Proprioception Activities

Many proprioceptive activities happen or can happen naturally in the classroom. These activities are generally quick and can be thought of as “sensory snacks.” When spread out naturally throughout the day, they can have a calming an organizing affect on the child.

It can be easy to incorporate proprioceptive activities in your routines at home as well. Activities can be added as chores or jobs for kids to do. Or, existing activities can be modified to include proprioception. Proprioceptive activities can be used at home, especially before calm activities such as meals and rest time to help calm and organize your child.

Proprioceptive Activities in the Classroom
  • Ask the child to remove chairs from tables at the beginning of the day or activity and puts them back up at the end of the day/activity
  • Drag or rearrange furniture such as moving desks or chairs into a circle for a special part of the day.
  • Use squirt bottles and sponges or rags to clean tables or the board
  • Pushing or pulling a box or cart of supplies
  • Make "special deliveries"
    • return a stack of books to the library, get supplies from the office such as a stack of paper, etc.
  • Carry or push the box or tray of milk cartons
  • Sharpen pencils using a manual pencil sharpener
  • Use the dye cut machine (with supervision) to cut out shapes - could take “orders” from staff.
  • Cut through several layers of construction paper
  • Staple packets of paper or staple paper onto a bulletin board
  • Chair push-ups
  • Climbing activities - such as on the playground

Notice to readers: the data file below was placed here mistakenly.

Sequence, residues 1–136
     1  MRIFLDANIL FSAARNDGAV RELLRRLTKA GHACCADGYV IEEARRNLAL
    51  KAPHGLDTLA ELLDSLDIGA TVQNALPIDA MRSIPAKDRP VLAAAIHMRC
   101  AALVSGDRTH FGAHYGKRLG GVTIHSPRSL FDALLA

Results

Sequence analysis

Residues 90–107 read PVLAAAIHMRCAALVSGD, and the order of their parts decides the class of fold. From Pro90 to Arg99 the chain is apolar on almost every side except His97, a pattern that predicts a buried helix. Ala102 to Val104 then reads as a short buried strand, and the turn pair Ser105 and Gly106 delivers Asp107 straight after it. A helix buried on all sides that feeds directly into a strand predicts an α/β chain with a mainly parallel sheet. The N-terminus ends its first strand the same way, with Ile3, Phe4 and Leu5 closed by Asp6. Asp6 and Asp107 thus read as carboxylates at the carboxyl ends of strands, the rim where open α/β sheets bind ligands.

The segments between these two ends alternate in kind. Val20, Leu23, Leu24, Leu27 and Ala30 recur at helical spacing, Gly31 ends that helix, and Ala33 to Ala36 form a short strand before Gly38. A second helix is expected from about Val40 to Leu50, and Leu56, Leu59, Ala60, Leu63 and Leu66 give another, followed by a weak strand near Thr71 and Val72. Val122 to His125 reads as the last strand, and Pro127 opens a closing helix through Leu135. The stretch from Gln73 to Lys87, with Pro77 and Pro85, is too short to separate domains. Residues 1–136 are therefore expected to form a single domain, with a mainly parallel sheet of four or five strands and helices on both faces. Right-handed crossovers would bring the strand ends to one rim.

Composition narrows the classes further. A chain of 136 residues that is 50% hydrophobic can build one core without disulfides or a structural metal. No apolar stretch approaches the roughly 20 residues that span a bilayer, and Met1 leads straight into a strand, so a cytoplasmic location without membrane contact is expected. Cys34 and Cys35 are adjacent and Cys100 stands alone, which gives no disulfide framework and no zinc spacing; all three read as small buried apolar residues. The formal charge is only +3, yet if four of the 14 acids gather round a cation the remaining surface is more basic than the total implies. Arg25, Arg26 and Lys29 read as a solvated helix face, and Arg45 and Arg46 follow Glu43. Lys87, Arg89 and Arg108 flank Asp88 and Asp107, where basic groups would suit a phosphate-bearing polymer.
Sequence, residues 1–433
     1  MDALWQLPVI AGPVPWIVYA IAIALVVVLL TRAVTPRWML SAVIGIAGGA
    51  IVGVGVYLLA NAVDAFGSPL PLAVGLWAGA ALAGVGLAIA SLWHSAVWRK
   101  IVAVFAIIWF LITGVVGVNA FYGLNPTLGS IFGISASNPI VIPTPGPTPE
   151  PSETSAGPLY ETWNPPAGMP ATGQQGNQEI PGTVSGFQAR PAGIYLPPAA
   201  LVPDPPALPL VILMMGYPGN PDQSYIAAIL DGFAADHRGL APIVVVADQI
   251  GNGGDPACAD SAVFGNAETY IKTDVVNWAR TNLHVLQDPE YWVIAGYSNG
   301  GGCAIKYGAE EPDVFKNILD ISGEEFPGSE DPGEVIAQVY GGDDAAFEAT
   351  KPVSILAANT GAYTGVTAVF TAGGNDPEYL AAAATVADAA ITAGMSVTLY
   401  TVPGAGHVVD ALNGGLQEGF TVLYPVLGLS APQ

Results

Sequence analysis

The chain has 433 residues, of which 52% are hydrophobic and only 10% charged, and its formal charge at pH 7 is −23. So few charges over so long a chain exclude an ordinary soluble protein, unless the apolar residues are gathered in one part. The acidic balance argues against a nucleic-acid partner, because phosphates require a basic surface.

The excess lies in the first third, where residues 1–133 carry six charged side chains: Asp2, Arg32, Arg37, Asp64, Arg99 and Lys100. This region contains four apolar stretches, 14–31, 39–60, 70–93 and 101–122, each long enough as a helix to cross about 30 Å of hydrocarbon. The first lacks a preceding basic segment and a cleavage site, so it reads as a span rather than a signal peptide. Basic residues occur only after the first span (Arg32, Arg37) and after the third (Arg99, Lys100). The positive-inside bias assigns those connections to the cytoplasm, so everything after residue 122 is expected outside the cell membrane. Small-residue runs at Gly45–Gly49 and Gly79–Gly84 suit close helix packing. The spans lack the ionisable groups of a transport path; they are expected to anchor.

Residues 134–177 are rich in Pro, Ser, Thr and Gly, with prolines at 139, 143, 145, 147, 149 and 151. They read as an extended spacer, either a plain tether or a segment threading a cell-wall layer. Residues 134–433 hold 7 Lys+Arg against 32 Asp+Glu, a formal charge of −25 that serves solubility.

• Use quiet squeeze toys or resistive putty prior to fine motor work

Proprioceptive Activities You Can Do At Home

  • Household chores
    • Vacuum
    • Sweep or mop
    • Carry the laundry
    • Wipe off the table
    • Carry a watering can to water plants
    • Wash windows using spray bottle
  • Yard Work
    • Rake leaves
    • Push the wheelbarrow
    • Shovel sand or dirt into a wheelbarrow
    • Help in a garden digging, hoeing, raking, pulling weeds, etc.
    • Shovel snow
  • Carry, push, or pull heavy items such as a basket or cart full of books or groceries
  • Chew gum, eat chewy foods, sip water through a straw, suck thick “liquids” through a straw such as pudding, jello, or applesauce
    • Do this just prior to meal time or incorporate chewy foods into meals for kids with oral sensitivity
  • Stack cushions or pillows
  • Have (safe) pillow fights or set up pillows and cushions for your child to crash into
  • Have the child help rearrange furniture
  • Play games, read, or color while on hands an knees
  • Participate in sports activities involving running and jumping
    • Tae Kwondo or other martial arts
    • Gymnastics
    • Football
    • Track and Field
    • Etc.
  • Jump on a mini trampoline, jump rope, or jump into pillows or leaves
  • Play catch using heavy balls or beanbags
  • Do animal walks (have races!) such as crab and bear walks
  • Push-ups
    • Wall Push ups by pushing against a wall
    • Regular push ups or kneeling push ups
    • Chair push ups
    • Couch push ups (have legs on couch and arms on floor and do pushups)